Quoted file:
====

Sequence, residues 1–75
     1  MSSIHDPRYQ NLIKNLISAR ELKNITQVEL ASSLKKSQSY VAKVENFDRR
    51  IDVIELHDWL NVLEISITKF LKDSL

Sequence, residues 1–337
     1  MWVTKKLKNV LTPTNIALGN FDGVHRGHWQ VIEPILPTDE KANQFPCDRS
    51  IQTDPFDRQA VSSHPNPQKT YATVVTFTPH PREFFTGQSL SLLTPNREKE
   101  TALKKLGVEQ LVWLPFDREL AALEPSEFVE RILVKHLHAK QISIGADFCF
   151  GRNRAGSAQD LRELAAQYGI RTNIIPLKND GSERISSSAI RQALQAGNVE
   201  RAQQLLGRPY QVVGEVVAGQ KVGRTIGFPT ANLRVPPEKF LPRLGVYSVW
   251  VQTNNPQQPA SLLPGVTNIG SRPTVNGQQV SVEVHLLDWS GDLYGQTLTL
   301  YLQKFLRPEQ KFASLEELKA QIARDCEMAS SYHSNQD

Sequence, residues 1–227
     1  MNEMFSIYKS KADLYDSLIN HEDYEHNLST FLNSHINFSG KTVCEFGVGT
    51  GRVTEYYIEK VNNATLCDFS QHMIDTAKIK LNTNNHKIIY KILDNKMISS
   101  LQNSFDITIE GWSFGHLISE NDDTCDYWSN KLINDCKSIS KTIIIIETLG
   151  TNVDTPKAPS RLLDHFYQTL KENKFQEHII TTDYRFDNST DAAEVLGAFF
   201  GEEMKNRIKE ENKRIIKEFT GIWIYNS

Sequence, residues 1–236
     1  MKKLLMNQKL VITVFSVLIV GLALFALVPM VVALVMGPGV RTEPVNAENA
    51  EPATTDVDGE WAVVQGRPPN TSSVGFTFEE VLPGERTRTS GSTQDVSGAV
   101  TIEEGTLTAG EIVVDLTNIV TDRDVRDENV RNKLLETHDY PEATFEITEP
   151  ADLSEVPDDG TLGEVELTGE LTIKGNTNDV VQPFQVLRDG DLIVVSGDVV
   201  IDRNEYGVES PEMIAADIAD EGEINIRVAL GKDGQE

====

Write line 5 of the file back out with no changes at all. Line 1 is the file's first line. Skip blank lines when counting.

     1  MWVTKKLKNV LTPTNIALGN FDGVHRGHWQ VIEPILPTDE KANQFPCDRS